Marianne Thamm

The sound of no hands clapping

2007-06-14 10:51

Marianne Thamm

The now famous and much gloated over photograph of a wailing Paris Hilton being escorted back to jail last week has become the modern equivalent of Evard Munch's iconic expressionist painting The Scream.

Munch's work, completed in 1893, has come to be understood as a representation of human existential angst. Now one hesitates to venture into such deep territory when dealing with the global phenomenon that is Paris Hilton.

However, I'm willing to wager my entire vintage Kid Colt collection that that is exactly what happened to the heiress when she found herself in jail recently serving a 23-day sentence on a drunken driving charge.

Now, briefly, for those of you who might not be aware of the biggest news story, outside of the war in Iraq; after only three days in solitary confinement, Paris Hilton's lawyers, claiming that she suffered from some sort of medical condition, managed to get her transferred from jail back to her Hollywood Hills home.

A few days later a judge overruled the decision and sent the world-famous-for-nothing heiress back to the slammer.

It was then that the photo of the weeping 26-year-old was taken through the opaque window of the sheriff's cruiser. This shortly after she had wailed, "Mom, it's not right".

The worst thing is herself

Currently languishing in the special section of the Twin Towers Correctional Facility, Paris Hilton might find the venue a little less daunting than solitary confinement.

Because the worst thing Paris Hilton faced in solitary confinement was herself.

With nothing to distract her - no paparazzi, no fans, no media, no hangers-on, no mommy and daddy - she was compelled, possibly for the first time in her life, to look inwards. And it was not a pretty sight. In fact there were no sights at all.

Without the media to reflect her back to herself she found, horror of horrors, that she did not exist at all.

I am convinced that poor Paris - a high-school drop-out born to parents rich beyond belief and who lived a sort of virtual life - faced a void so deep, so silent, so black, so empty and so meaningless that it did indeed result in "an undisclosed medical condition", as her lawyer politely put it.

So who's to blame for poor Paris?

Her parents for raising her without considering the need for some sort of balance? Paris herself for being a figment of her own imagination? The media for making billions using her to distract us from the real issues of the day? Readers who can't seem to get enough of her? Tinkerbell the Chihuahua?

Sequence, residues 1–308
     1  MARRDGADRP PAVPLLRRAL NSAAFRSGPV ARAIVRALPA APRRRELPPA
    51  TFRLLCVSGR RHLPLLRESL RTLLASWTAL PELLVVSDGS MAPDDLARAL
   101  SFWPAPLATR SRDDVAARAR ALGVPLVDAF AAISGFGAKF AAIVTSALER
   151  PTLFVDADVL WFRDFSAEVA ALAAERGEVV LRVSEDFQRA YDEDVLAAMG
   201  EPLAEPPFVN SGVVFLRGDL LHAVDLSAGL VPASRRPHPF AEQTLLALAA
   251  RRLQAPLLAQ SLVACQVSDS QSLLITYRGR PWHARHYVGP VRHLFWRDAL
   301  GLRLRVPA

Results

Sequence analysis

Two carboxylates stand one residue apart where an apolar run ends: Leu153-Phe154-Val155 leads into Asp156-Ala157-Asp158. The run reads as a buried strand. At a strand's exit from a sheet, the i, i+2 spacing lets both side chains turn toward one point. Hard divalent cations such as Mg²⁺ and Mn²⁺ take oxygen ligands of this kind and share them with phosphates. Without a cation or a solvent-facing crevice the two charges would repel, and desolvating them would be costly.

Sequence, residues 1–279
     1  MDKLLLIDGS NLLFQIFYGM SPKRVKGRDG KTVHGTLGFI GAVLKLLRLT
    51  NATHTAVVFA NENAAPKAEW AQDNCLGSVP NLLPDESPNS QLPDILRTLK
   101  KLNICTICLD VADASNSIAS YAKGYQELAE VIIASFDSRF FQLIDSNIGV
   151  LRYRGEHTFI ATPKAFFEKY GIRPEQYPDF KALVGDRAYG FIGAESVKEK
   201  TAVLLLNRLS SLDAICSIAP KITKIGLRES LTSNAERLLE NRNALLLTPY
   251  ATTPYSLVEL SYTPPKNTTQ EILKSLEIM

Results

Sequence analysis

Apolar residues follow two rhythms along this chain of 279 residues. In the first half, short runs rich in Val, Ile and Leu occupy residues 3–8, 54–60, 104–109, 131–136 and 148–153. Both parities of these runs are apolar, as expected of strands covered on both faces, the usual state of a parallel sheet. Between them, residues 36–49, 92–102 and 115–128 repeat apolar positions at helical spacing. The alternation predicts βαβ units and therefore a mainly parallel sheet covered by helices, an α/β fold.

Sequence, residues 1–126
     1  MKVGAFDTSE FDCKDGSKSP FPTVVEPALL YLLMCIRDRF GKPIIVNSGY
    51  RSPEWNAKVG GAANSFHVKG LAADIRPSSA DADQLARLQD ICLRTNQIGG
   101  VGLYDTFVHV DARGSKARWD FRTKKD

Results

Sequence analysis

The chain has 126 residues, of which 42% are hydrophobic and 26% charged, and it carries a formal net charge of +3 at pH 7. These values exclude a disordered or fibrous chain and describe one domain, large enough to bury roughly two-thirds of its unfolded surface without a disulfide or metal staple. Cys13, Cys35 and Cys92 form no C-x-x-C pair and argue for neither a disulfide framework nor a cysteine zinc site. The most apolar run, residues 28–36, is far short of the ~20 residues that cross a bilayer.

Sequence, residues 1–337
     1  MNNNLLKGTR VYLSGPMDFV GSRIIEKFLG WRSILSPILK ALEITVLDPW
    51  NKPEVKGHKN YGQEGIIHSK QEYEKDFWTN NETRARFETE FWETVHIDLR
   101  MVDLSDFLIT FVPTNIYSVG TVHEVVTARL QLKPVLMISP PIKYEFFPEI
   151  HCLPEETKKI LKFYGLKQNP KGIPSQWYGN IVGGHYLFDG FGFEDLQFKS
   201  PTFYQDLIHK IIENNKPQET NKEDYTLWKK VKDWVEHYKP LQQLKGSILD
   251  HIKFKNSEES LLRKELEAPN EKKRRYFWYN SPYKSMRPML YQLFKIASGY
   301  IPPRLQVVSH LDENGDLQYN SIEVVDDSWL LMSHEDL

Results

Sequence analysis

Maybe all of the above with the exception of the midget dog.

The best thing that could happen to Paris Hilton and perhaps in turn her million of young fans across the world, is that she (and they) will realise it is not enough just to be "rich and famous".

Rattling a brain cell

Hopefully it will rattle her brain cell enough to set off some sort of natural cerebral chain reaction that will, in turn, inspire her to work on something other than those things access to a limitless supply of money can buy.

Perhaps the phenomenal financial success of websites like YouTube, MySpace and Facebook, can be attributed in part to a global youth culture that dreams and yearns for - at the expense of everything else - the kind of vacuous fame and fortune Paris has.

Sure it's also about creating social networks but these will only truly have significance and meaning - beyond the billions they rake in for the owners that is - when young people begin to use them to effect change to the world we live in. For now, it all just feels like a global peep show for needy exhibitionists trapped in a hall of mirrors.

With no real input there can be no output. And the thing is, as Paris so painfully discovered - nature hates vacuum. It needs either to be filled, or it will be destroyed.

That's just the way it is.

Send your comments to Marianne.

Disclaimer: News24 encourages freedom of speech and the expression of diverse views. The views of columnists published on News24 are therefore their own and do not necessarily represent the views of News24.


Marketing Archie

2019-05-22 20:27

Marketing Archie

2019-05-22 20:27

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